Perspectives | How China gains from Armenia-Azerbaijan war
The distant war may play a role in Beijing’s Belt and Road Initiative.
The Russian-brokered ceasefire that stopped fighting between Armenia and Azerbaijan last month included a provision allowing Azerbaijan to use a road through Armenian territory to access its Nakhchivan exclave.
Nakhchivan shares a border with Turkey. The road, then, should boost trade between close partners Turkey and Azerbaijan, while reducing the role Iran plays in regional transportation networks.
Yet it is China and its ambitious Belt and Road Initiative that may ultimately emerge as an unlikely winner in the six-week Nagorno-Karabakh war.
For the better part of a decade, Beijing has been building transport routes to Europe that bypass Russia. One of these overland routes crosses the Caspian Sea from Kazakhstan to Azerbaijan and onward to Georgia, Turkey and ultimately Europe.
The corridor between Nakhchivan and Azerbaijan would offer Beijing a second route to Europe in the South Caucasus: the one via Georgia plus this one across southern Armenia and Nakhchivan (the purple dotted line on the map below).
No doubt, Moscow scored with the ceasefire. Russia won itself the right to insert troops in yet another part of the South Caucasus. Some 2,000 will serve as peacekeepers in a rump Nagorno-Karabakh – de jure Azerbaijani territory inhabited by ethnic Armenians. In addition, Russian border troops will guarantee the safety of transit across southern Armenia. From Beijing’s perspective, this is all the better to protect its own shipments.
China has never shown interest in contesting Russia’s security role in the former Soviet Union. For Beijing, better than tangling with Moscow over military matters would be to see the South Caucasus begin to resemble Central Asia: a region with traditional ties to Russia, yes, yet wide open to Chinese business. Beijing benefits another way, as well, in the volatile Caucasus. Because China focuses on trade and investment, no one expects the People’s Liberation Army to get dragged in when there’s trouble.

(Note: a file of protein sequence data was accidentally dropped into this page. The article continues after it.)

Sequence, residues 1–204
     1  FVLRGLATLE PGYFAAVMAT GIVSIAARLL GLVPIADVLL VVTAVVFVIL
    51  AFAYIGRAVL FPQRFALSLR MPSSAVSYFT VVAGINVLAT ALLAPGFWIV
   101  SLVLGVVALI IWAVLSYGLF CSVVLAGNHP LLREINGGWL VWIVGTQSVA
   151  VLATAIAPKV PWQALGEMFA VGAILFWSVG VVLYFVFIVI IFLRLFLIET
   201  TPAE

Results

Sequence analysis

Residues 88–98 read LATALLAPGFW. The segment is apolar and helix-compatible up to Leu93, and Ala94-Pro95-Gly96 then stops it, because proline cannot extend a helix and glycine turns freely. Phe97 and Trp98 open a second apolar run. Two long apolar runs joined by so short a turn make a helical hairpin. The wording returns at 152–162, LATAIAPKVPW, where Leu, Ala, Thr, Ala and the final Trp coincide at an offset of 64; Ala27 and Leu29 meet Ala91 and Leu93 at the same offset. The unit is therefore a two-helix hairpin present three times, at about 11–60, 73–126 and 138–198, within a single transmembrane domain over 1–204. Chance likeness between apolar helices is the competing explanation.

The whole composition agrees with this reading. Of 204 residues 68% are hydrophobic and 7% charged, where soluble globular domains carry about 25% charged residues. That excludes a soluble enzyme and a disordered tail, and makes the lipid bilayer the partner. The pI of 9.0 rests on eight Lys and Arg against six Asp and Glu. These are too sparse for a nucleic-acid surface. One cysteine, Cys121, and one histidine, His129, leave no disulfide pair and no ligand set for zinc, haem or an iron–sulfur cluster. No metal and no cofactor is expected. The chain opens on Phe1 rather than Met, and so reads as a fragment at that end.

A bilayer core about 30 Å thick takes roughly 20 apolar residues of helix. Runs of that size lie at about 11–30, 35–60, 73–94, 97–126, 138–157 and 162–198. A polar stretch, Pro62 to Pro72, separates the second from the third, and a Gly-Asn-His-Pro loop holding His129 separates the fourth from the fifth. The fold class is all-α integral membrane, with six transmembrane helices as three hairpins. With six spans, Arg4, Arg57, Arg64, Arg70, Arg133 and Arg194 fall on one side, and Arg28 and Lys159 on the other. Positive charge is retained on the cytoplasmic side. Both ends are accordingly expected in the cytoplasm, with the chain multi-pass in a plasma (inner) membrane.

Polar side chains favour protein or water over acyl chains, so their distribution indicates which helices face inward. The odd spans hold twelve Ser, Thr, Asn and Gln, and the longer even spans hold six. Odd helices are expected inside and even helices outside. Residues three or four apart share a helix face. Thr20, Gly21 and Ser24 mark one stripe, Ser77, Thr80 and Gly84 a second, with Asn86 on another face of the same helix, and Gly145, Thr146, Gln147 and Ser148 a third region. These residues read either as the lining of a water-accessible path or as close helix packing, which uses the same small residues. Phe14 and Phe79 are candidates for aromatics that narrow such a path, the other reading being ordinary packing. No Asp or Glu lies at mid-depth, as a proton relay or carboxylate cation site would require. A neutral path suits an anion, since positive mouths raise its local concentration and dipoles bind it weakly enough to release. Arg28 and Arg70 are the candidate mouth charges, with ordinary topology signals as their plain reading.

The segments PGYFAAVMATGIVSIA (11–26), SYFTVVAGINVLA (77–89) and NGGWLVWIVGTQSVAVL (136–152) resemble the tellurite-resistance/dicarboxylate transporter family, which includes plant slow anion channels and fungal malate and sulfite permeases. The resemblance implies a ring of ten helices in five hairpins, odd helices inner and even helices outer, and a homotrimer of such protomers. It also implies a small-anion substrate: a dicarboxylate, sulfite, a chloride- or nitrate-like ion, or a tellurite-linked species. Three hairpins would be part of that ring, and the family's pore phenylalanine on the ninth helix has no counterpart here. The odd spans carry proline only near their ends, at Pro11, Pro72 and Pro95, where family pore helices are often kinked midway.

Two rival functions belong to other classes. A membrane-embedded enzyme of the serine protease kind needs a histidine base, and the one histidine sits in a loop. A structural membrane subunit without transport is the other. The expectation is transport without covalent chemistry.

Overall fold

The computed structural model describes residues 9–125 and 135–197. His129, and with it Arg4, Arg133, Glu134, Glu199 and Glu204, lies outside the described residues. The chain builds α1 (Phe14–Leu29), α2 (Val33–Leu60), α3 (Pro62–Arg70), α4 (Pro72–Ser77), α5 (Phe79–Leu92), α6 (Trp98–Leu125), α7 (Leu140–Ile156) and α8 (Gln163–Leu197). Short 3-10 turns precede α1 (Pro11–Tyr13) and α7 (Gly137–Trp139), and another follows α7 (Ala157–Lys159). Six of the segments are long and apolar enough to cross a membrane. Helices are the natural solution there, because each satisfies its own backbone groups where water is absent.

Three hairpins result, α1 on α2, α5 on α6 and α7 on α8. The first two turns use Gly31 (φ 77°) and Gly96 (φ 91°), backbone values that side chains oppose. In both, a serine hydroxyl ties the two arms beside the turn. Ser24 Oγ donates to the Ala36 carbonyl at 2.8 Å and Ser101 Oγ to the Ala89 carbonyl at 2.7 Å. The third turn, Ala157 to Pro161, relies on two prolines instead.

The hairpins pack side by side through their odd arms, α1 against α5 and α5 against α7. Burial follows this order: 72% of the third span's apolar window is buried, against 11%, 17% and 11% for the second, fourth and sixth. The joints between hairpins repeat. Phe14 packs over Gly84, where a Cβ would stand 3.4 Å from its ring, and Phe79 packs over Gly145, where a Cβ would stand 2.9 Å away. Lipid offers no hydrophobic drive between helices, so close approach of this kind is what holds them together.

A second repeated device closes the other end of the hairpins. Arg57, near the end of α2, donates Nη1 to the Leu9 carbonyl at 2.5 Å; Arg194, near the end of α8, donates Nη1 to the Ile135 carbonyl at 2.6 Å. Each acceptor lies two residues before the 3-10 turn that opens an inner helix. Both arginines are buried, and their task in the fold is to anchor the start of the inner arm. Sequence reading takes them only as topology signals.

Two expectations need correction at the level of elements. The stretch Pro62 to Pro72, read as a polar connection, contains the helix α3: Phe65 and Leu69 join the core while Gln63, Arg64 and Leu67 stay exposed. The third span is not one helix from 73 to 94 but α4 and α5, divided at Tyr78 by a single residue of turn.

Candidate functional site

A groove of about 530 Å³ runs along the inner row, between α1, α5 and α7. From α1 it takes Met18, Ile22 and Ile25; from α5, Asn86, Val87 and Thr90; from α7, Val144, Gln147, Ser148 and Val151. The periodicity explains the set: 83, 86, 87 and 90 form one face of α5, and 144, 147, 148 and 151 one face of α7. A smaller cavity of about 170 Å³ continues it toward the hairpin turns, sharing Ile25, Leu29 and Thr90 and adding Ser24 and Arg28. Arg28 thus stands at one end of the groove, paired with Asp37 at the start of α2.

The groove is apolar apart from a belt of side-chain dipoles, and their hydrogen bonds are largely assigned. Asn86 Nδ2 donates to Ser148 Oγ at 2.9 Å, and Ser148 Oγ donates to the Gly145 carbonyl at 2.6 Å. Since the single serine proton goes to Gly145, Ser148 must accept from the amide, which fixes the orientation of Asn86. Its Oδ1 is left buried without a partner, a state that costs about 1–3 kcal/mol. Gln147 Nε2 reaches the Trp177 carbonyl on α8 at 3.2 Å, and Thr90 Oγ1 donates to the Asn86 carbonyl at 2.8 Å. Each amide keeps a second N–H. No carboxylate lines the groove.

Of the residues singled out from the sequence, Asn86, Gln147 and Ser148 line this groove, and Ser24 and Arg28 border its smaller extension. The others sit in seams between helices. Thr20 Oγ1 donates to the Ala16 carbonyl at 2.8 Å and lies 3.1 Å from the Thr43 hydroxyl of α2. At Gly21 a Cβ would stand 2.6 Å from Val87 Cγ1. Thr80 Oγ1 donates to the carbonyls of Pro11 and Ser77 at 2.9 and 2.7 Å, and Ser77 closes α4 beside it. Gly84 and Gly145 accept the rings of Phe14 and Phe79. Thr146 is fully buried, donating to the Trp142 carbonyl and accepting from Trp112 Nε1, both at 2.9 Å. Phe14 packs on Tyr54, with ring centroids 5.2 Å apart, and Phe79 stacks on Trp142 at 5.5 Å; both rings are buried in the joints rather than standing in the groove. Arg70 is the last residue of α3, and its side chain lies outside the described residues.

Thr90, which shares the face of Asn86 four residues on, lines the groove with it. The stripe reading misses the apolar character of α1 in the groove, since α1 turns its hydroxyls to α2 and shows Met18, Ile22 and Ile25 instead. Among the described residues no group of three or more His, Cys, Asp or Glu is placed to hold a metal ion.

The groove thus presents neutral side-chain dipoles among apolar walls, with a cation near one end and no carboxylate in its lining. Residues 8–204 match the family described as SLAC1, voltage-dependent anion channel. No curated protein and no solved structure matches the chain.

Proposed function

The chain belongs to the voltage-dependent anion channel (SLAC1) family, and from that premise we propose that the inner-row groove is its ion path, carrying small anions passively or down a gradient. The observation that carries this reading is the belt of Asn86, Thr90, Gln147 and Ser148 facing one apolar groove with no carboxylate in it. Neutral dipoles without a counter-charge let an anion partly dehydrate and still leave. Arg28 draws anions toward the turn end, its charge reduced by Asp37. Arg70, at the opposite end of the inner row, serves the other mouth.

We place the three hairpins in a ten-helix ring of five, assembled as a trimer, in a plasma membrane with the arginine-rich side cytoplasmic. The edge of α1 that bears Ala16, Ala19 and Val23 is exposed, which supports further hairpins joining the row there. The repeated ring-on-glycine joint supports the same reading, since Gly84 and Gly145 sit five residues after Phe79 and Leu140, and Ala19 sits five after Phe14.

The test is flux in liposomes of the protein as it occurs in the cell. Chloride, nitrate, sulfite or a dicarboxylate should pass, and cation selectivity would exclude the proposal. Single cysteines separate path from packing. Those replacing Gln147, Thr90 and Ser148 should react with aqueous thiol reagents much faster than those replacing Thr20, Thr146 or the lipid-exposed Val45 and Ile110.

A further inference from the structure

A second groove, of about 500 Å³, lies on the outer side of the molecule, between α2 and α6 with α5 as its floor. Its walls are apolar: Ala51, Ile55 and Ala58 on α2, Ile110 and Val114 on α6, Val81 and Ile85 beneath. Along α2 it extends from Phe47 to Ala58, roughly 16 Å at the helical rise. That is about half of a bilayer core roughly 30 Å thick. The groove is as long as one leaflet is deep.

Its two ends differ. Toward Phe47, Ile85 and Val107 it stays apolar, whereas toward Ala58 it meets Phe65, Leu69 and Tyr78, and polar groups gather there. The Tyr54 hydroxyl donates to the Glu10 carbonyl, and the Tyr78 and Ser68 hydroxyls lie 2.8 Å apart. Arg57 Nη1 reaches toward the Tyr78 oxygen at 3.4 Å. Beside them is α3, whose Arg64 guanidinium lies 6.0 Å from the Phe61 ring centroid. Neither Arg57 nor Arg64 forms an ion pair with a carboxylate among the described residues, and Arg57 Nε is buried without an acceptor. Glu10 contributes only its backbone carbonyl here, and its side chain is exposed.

While the ceasefire has come at the expense of some Russian soft power – Azerbaijanis unhappy to see Russian troops on their territory – Beijing has room to maneuver.
This is particularly true in Azerbaijan, which wishes to cement its place as a key node on the Belt and Road. Baku also sees itself as a hub on the trans-Eurasian telecommunications corridor which would connect internet exchange points in Frankfurt and Mumbai, while complementing China’s Digital Silk Road initiative. To this end, AzerTelecom and China Telecom signed a memorandum of cooperation in 2019.
It is the neighbor to the south that stands to lose the most. The proposed Nakhchivan corridor is bad news for Iran. Until now, a shipment from Baku to the isolated exclave had to traverse northern Iran. Under the new deal, Tehran will lose transit fees.
That will leave Iran even more eager to sign the strategic pact it has been quietly negotiating with China for the past five years. The draft agreement is said to include $400 billion for Iran’s transport, energy, telecoms and security sectors over 25 years. After another round of discussions were held in Beijing in early October, former parliamentary speaker Ali Larijani, a confidant of the supreme leader, was tasked with closing the deal.
Thus China could emerge as one of the main beneficiaries of the ceasefire – gaining a new route for the BRI plus leverage over Iran during crucial negotiations.
Nima Khorrami is a research associate at the Arctic Institute.
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